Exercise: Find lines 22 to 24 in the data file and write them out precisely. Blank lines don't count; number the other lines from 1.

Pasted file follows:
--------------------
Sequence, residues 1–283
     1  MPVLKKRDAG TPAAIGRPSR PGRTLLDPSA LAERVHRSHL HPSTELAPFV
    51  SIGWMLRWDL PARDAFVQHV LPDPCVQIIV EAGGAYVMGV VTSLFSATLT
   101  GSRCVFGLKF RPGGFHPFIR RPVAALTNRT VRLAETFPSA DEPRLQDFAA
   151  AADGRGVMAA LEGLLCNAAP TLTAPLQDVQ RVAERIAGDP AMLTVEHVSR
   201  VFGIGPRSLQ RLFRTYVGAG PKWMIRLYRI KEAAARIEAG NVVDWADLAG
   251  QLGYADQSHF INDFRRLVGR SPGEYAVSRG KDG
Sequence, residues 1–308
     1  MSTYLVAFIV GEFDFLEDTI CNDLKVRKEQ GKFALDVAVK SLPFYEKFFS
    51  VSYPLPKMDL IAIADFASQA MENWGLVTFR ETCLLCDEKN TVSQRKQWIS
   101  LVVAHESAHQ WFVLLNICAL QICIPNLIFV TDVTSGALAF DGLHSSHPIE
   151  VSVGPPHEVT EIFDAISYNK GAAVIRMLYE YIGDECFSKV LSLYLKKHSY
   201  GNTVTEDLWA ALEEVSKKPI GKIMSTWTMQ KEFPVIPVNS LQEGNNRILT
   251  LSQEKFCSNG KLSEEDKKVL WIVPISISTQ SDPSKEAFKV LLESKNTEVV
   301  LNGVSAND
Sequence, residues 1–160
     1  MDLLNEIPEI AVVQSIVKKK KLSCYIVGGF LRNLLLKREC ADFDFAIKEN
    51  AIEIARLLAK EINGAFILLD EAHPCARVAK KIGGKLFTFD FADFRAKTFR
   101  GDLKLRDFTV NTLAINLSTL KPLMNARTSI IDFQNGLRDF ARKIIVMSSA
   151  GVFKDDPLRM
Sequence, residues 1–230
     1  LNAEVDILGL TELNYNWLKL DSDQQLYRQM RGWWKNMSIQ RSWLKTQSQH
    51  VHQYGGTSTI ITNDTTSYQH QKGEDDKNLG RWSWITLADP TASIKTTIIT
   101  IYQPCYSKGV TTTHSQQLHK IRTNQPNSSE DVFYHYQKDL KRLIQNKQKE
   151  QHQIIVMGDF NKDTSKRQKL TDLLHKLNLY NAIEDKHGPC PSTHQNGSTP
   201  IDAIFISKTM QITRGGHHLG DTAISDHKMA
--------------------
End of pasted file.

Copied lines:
     1  LNAEVDILGL TELNYNWLKL DSDQQLYRQM RGWWKNMSIQ RSWLKTQSQH
    51  VHQYGGTSTI ITNDTTSYQH QKGEDDKNLG RWSWITLADP TASIKTTIIT
   101  IYQPCYSKGV TTTHSQQLHK IRTNQPNSSE DVFYHYQKDL KRLIQNKQKE